All Purpose Gluten Free Flour Mix Recipe

This is the first post that I wrote for this blog and it was time for an update. I’ve added the weights of the flours and changed a few of the alternative ingredients to reflect the flours I use now. Even six years later, this flour mix is still my first choice when I’m converting a recipe to gluten-free status. ~Mary Frances 3/20/13

My homemade gluten free all-purpose flour mix is the gluten free item for which I most often reach. After almost ten years of cooking gluten free, I am amazed at how well this mix works in so many different recipes.

When I make gluten free biscuits with this mix, they taste like biscuits. When I make gluten free pancakes, they taste like pancakes. I’ve even made onion rings with this! I know I’m a geek, but this really is exciting!

When I first started cooking gluten free foods, I bought a basic gluten free cookbook and rushed home to bake some goodies for my husband. I eagerly flipped to the section on flour blends and was incredibly disappointed to find that I did not have any of the ingredients on hand, and had no idea where to buy them.

You’ve probably had the same experience!

Eventually I developed my own gluten free flour mixthat uses gluten free flours that are relatively inexpensive and widely available in grocery stores. That’s the recipe that you’ll find below. Many of the baking recipes on the blog (and in my cooking classes) utilize this gluten free flour mix.

Gluten Free Cooking School’s Gluten Free All Purpose Flour Mix

210 g (approx. 1.5 cups) brown rice flour
195 g (approx. 1.5 cups) corn starch or tapioca flour
110 g (approx. 1 cup) sorghum flour or garfava flour
55 g (approx. 1/2 cup) masa harina

I’ve added links to the recipe so that you can see what options are available and purchase the ingredients online if you cannot find them locally.

The brands that I use are Bob’s Red Mill brown rice flour, sorghum flour, garfava flour; Argo cornstarch; Maseca masa harina, and Bob’s Red Mill or EnerG tapioca starch.

Tips for Measuring Gluten Free Flour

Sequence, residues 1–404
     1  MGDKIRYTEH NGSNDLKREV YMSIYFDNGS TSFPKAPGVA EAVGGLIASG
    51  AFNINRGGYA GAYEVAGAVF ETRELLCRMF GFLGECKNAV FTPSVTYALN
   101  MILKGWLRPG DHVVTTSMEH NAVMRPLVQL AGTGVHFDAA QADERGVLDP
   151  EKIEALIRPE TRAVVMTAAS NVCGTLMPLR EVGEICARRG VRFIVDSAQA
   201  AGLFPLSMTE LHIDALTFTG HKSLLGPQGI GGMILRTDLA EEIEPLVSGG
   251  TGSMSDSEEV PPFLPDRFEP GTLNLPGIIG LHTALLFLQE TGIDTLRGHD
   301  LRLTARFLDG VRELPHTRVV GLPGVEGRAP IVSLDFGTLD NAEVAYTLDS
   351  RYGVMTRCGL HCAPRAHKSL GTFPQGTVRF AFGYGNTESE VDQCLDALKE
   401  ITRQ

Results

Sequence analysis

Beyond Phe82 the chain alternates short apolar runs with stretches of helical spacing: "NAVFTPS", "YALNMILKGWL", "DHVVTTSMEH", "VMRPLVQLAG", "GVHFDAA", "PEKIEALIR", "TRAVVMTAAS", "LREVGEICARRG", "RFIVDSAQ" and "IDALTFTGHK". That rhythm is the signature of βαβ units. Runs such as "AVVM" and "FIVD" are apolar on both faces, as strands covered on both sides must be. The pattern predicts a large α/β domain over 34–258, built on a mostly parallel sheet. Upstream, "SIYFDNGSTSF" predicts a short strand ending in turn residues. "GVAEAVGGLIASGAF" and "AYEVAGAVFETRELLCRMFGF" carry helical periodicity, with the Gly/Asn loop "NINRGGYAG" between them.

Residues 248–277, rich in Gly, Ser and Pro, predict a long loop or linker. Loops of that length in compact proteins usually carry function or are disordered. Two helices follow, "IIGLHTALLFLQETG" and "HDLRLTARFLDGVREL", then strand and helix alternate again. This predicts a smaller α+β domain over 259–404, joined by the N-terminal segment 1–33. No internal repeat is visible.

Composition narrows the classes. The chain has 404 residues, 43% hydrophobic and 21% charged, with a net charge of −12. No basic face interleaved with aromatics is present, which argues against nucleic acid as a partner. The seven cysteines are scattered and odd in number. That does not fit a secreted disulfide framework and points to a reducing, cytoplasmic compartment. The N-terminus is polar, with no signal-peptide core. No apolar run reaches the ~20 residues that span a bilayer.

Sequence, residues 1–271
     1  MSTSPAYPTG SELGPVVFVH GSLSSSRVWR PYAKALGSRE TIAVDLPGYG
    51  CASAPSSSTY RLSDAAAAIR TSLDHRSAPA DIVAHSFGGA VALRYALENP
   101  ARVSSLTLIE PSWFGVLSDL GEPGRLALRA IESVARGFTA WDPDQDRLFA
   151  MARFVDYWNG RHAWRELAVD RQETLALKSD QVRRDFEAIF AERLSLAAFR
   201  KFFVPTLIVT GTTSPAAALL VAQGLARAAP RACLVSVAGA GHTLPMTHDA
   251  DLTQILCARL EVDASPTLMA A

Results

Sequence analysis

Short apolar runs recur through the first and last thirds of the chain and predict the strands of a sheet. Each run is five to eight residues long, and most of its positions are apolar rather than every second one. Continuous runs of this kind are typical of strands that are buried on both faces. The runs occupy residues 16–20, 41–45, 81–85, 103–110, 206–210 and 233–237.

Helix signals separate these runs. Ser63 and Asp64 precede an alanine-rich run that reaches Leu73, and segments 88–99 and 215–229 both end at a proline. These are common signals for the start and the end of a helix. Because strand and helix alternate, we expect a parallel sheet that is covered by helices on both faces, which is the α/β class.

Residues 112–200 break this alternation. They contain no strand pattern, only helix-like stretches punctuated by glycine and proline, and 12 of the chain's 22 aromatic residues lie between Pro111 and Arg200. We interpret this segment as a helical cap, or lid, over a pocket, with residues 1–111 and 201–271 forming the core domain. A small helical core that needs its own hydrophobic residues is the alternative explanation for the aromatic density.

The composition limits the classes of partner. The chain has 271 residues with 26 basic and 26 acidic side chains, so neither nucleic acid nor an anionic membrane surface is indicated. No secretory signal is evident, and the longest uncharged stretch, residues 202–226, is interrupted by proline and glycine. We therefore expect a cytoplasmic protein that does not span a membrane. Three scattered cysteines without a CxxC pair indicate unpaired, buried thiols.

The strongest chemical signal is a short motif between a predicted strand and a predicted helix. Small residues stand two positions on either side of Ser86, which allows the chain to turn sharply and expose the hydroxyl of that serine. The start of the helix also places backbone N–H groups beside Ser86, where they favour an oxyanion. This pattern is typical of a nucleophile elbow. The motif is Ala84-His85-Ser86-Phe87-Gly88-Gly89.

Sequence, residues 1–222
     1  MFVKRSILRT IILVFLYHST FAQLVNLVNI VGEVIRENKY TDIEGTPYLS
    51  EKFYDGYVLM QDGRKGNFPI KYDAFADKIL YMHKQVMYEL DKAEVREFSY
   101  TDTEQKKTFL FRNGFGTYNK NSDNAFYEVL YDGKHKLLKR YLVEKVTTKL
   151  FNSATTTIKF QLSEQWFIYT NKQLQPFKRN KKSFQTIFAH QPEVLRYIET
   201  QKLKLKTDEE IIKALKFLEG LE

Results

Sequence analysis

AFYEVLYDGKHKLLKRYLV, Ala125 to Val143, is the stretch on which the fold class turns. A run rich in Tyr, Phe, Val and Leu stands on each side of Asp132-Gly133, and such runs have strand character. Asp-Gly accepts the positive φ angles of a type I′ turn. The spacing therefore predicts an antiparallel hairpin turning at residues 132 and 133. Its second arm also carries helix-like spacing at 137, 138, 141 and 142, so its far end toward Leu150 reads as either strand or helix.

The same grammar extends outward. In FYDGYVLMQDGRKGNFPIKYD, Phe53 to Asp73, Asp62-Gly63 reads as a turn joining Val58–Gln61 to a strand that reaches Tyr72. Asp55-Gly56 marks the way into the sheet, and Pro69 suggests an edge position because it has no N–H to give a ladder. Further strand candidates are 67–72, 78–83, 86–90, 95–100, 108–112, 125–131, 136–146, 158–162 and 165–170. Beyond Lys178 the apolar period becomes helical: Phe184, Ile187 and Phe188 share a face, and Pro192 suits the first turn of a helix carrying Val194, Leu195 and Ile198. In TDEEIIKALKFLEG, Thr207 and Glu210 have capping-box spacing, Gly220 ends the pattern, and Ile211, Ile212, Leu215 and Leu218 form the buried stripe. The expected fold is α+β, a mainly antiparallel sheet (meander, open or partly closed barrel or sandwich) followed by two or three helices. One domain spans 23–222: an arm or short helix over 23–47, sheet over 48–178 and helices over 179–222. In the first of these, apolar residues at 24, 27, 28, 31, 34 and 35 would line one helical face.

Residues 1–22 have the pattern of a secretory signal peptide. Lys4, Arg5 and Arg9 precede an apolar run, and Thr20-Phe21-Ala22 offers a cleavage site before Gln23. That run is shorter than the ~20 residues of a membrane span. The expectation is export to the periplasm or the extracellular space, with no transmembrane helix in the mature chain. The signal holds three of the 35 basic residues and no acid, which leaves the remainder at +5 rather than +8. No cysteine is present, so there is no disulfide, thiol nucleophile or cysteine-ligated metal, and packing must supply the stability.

This recipe has been on the blog for years, and it was originally given as a volumetric ratio of 3:3:2:1. That is, I would use 3 cups brown rice flour, 3 cups corn starch, 2 cups sorghum flour and 1 cup masa harina. Or if I wanted a small batch of flour, then I would grab a 1/4 cup measure and use 3/4 cup each of brown rice flour and corn starch, 1/2 cup sorghum flour, and 1/4 c. masa harina.

While you’re still welcome to follow that ratio, I have since begun measuring by weight instead of volume. Weight measurments are much more accurate for flours, and if I measure by weight and you measure by weight, then we’re much more likely to get the same results with my recipes. That’s a good thing!

The only disadvantage to weighing this flour mix is that the weights are not easy to remember. Make life easy on yourself and jot down the weights on a piece of paper and tape it to the inside of a drawer or cabinet in the part of the kitchen where you do your baking.

Instructions for Mixing and Storing Gluten Free Flour Mixes

Combine all the flours in a large bowl and mix thoroughly. If you’re new to mixing flours, the goal here is to not see any clumps or streaks of indiviual flours. By the time you’re done it should be one homogeneous bowl of flour. Transfer the flour to a canister or other air-tight storage container and you’re done!

Since I use this mix so often, I usually make up a very large batch and store it in a large canister so that it’s ready whenever I decide to bake. I do keep my flour canister on the counter, but I go through it pretty quickly. If you don’t bake often, then you may have better luck storing the flour in a freezer bag in the freezer, so that the flours do not become rancid.


  1. Juanita Thomas says:

    Try 2 parts white rice, 2/3 part Sorghum flour, and 1/3 part tapioca flour.

    I cannot use corn or wheat, either, so do know how hard it is to use a lot of GF recipes.

  2. Juanita Thomas says:

    My problem with soy is that it puts me in the bed for about three days at a time. I also had an experience once thinking soy was good and was delighted to find a meal substitute. I was soooo sick, and called my doctor. He said to get off the soy immediately!

    If you can do soy, count your blessings, as there are a lot more gluten free recipes with soy than without. Each of us has different things that we can tolerate or can’t.

    May you find the foods that give you optimal health!

  3. Juanita Thomas says:

    Someone was asking about sweetners, but am not finding the post right now. I use honey, sorghum, and agave for sweetners, for the same reasons you listed for not use other sweeteners.

    I can not say I do not still miss sugar once in awhile. I do use Xylitol, but it must be the kind that does not have corn in it. I found that in Smart Sweet Xylitol on the net. It tastes a whole lot like sugar and can be used the same way, but I can get too much of it, so I just add a couple tablespoons. I often mix a couple tablespoons of Maple Syrup and a 1/4 cup of agave for sweetening. I am not sure these can activate yeast, but if I could eat yeast, I would sure give it a try!

  4. Juanita Thomas says:

    Alice, have you checked out Mary Francis’s bread recipes on this site? She has a number of them, and they are a big help. Click on recipes, and you will find them.